In Julie Murphy’s If the Shoe Fits, a plus-size, aspiring fashion designer is cast into the spotlight when she shakes things up on a reality dating show. The novel is the first title in the Meant to Be series, a line of books from Hyperion Avenue that recasts classic fairy tale stories as modern romantic comedies. Murphy, author of the young adult novels Dumplin’, Puddin’, Ramona Blue, and Side Effects May Vary, talked with PW about writing a Cinderella character and what it means for a plus-size heroine to step into the proverbial glass slipper.

The Cinderella story is such an enduring part of our collective imagination. How did you go about making a familiar tale feel fresh again?

Going into this project, it was really important to me to redefine and complicate the family dynamics. So the stepmother is a hardworking mover and shaker in Hollywood. She has the ability to be cold and disconnected when she needs to be, but she’s also very heartbroken by the death of her husband and is committed to her family. The stepsisters are still great comedic relief and at times a little ditzy, but they’re more supportive. The little mice are a set of adorable triplets. The fairy godmother is a younger queer producer trying to make a name for herself. Prince Charming is funny and human with his own emotional baggage that he needs to contend with. The hallmarks of the Cinderella story are there, but in a more relevant modern-day way.

Tell me a little about your protagonist, Cindy. What are her aspirations and struggles?

Cindy was so much fun to create. She loves fashion, especially shoes. As a plus-size woman, she always found herself gravitating toward shoes and accessories. When she was a teen shopping with her friends, it was always the one thing she could count on to fit her. Now, she’s a recent fashion school grad who is still grieving the death of her father and is trying to figure out what home means to her. Going on a reality TV show seems like the perfect opportunity to escape while also creating a platform for herself and her—hopefully—future brand.

There’s a lot of need for levity and humor these days, but If the Shoe Fits provides real talk about body image and body positivity. How important was it for you to integrate these themes into the story?

It was very important to me. The average American woman is at or above a size 16. Cindy makes frank observations about the fashion industry and bodies and the media, but she’s also just a regular young woman who wants to be valued and find love. Having the opportunity to reimagine Cinderella as a plus-size woman is the kind of big step that body positivity and fat positivity has strived for. Bodies of all shapes and sizes deserve to fall in love and have a happily-ever-after and live their wildest dreams. As a reader, I want and need to see more bodies of all shapes in every corner of the media I consume, and I’m not alone.

From a dating reality show to a character moving back in with a parent, your book feels so contemporary and timely. Can you talk about blending modern touchstones into the book while also maintaining a fairy-tale feel?

Modernizing this tale was such an exciting aspect of this project. A reality dating show seemed like the perfect set up. We don’t have royalty in America, but we do have celebrities and I think there’s something about shows like The Bachelor that intrigues me endlessly. Cinderella is so iconic for a reason. For as unattainable as her story might seem, there are certain aspects like loss or being taken for granted that we can all relate to, so finding contemporary avenues to tell this story was surprisingly easy. And moving back in with your parent—especially a stepparent—that’s just great, layered conflict waiting to happen.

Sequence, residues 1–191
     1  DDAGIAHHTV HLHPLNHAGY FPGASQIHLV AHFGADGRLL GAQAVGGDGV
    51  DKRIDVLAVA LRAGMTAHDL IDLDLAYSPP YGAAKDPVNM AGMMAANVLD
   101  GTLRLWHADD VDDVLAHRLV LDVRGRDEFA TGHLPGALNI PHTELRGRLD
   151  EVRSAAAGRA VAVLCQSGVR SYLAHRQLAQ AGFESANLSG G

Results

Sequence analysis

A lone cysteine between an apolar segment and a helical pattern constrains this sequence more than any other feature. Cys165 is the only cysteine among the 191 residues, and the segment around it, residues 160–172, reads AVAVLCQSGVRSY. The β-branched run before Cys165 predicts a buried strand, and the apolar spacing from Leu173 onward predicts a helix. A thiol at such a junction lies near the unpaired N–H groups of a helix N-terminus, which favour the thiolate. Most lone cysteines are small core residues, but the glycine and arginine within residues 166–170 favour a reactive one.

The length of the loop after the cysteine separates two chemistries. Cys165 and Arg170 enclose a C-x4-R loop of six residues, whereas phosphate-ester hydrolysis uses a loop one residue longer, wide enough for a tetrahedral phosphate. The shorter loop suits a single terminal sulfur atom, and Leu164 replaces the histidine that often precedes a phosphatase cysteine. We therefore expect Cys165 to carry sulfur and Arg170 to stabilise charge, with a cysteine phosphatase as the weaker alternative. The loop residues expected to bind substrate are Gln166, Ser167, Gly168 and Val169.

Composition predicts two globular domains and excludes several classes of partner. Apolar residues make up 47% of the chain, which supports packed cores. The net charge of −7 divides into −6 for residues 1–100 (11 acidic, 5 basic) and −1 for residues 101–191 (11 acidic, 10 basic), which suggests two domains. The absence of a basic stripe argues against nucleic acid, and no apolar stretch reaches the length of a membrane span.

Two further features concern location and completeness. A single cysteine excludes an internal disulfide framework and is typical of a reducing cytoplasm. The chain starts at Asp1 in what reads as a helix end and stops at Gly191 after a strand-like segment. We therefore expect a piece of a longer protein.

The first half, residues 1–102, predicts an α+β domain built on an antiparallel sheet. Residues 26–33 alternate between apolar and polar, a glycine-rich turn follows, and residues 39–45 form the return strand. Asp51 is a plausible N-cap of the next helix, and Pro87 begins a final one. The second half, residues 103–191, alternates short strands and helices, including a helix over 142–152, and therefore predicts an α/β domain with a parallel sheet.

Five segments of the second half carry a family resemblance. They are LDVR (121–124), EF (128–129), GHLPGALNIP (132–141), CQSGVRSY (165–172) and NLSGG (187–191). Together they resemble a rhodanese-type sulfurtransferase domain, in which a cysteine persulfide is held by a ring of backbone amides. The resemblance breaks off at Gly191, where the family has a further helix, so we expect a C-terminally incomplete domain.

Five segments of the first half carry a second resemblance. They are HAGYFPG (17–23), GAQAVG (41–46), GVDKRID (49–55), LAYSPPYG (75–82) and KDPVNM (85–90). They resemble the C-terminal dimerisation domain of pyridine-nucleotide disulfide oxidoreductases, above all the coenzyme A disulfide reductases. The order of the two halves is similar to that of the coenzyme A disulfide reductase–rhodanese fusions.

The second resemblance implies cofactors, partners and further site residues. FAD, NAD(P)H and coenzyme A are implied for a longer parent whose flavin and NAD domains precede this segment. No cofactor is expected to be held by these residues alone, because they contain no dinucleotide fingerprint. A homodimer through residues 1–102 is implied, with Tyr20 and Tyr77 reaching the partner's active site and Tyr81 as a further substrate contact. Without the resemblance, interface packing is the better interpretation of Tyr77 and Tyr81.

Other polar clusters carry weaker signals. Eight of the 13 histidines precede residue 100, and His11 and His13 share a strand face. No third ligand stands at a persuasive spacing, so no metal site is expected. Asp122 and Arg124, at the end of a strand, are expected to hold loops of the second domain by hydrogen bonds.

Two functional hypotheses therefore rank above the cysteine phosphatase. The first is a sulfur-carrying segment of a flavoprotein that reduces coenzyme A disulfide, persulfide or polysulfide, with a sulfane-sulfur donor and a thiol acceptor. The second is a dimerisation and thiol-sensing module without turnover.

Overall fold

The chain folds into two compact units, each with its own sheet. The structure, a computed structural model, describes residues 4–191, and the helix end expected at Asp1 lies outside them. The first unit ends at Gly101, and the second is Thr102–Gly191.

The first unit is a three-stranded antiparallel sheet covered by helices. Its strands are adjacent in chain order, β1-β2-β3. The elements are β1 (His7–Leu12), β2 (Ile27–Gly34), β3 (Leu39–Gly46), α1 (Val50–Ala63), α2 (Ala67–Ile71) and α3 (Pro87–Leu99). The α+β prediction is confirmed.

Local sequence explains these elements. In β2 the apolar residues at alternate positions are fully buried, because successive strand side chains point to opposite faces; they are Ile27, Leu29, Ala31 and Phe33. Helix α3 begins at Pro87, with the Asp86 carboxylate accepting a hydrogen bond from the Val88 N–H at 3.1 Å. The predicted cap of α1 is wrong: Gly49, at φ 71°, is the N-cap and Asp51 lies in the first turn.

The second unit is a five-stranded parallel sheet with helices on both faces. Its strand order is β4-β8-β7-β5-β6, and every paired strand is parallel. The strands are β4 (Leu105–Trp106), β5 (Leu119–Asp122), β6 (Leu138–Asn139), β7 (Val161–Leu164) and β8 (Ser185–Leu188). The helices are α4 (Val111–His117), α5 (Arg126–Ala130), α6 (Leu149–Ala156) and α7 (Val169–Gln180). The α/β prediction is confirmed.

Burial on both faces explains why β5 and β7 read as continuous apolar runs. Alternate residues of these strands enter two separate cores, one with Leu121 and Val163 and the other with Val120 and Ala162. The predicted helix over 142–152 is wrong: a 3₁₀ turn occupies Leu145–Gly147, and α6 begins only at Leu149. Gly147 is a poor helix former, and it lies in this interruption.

As you were writing, did you re-familiarize yourself with the original Cinderella story and/or its many different stagings?

I did! I looked at everything from the original to Ever After to Disney’s most recent live-action version. I’ve got a real soft spot for A Cinderella Story with Hillary Duff and the 1997 Cinderella with Brandy.

Speaking of happily-ever-afters, does Cindy get to have one? If so, what does it look like for her?

Without giving too much away, she does. She gets the happily-ever-after she needs. She’s searching for her place in many ways, so it’s more than just falling in love. She must find her purpose and a way to move past her grief for her father while still holding him near.

What do you hope readers take away from If the Shoe Fits?

I hope readers connect with Cindy and just have a fun time reading her tale, but I also hope that this book helps broaden the idea of what it means to be a princess.

Can you talk about the Meant to Be series and how you became involved in the project?

I truly love the idea for this whole line. Each book will reimagine a different princess story as a modern-day romcom. I was approached by my editor, Jocelyn Davies, and I knew immediately that I wanted to write a plus-size Cinderella. She was always so emblematic of what it meant to be a Disney princess. I can’t tell you who the next author or princess is, but I can say you won’t be disappointed. The fangirl reader in me is chomping at the bit for the next book. All told, it’s a line I’m so proud to be part of.

I’ve got to ask. How many pairs of shoes do you have in your closet?

I have quite the collection, but it’s nothing compared to what I imagine Cindy’s to be. I would say I’ve got about 50 to 60 pairs of shoes, but I do think I value comfort much more than Cindy does, so there’s not a heel over two inches in sight in my closet.